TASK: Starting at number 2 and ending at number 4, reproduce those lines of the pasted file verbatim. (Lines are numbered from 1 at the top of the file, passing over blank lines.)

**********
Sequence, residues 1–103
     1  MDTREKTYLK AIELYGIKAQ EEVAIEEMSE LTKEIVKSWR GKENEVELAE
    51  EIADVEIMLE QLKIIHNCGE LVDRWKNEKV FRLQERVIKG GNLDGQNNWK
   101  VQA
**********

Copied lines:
     1  MDTREKTYLK AIELYGIKAQ EEVAIEEMSE LTKEIVKSWR GKENEVELAE
    51  EIADVEIMLE QLKIIHNCGE LVDRWKNEKV FRLQERVIKG GNLDGQNNWK
   101  VQA